Ever wonder how they pick up the solid rocket boosters after a shuttle launch? NASAtv posted this series of clips. I really like their method of floating the entire booster - they just pop a cork in the back end and pump out the water.
I can also see why NASA is leaning towards expendable launch vehicles - you'd save a lot of money (time, equipment and personnel) if you didn't have to run out and pick up the engines each time you sent something into space. Plus the vehicle wouldn't need to be so extensively engineered. Not that I'm not a fan of the shuttle concept - I don't think regular, private and commercial space travel is going to function without some way of "hopping in your car to pop round Saturn."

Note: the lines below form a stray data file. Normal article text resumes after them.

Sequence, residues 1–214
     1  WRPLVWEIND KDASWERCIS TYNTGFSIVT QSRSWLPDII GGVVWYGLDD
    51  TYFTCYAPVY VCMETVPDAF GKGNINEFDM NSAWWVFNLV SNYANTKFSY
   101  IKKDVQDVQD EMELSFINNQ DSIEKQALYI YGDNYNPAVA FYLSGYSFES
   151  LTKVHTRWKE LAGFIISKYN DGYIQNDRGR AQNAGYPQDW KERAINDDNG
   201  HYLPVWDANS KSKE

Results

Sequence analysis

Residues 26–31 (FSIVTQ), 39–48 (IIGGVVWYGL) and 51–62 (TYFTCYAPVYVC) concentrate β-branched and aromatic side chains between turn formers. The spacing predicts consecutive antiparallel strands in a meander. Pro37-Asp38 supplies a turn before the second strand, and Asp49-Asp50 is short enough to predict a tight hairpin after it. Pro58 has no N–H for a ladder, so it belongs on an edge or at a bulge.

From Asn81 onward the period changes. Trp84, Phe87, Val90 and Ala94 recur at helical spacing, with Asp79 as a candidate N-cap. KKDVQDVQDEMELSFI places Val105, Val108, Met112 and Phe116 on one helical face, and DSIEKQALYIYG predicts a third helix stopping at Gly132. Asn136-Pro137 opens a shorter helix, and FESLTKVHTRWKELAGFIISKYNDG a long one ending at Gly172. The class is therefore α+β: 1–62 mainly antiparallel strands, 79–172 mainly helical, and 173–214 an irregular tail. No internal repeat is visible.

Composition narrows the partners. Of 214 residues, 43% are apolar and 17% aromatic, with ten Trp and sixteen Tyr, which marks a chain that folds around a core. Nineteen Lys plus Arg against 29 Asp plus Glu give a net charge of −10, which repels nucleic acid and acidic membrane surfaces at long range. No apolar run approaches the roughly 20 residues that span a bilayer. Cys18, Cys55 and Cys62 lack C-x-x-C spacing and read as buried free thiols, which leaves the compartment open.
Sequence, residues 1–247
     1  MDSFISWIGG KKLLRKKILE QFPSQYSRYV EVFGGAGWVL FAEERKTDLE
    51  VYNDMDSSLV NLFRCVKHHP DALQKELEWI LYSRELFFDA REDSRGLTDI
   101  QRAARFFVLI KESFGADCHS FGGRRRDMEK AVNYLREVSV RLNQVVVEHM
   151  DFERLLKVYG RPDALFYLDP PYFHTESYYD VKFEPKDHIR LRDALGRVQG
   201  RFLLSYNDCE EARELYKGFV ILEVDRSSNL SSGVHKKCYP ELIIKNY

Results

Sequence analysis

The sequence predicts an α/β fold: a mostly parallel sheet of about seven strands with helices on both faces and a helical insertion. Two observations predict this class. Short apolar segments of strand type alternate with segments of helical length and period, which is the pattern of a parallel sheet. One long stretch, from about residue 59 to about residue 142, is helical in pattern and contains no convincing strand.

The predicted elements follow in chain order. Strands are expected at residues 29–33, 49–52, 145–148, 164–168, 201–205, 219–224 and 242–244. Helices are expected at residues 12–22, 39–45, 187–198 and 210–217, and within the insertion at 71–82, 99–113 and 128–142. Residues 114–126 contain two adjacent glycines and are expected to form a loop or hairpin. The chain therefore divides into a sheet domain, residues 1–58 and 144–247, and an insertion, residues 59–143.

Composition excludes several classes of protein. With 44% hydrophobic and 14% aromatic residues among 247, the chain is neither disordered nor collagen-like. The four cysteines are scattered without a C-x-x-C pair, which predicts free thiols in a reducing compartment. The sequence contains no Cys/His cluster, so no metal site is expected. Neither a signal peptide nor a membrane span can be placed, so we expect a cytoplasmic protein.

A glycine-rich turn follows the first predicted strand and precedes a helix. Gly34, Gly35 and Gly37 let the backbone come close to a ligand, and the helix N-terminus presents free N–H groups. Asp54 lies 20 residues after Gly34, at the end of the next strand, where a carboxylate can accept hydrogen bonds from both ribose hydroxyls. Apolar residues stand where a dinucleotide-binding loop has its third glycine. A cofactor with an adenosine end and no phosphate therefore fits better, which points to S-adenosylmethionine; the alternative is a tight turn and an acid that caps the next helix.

Did you see the tumbling boosters in free-fall near the beginning of the clip? It gives you a great perspective on the ballistic trajectory they follow (at least after they've done their job).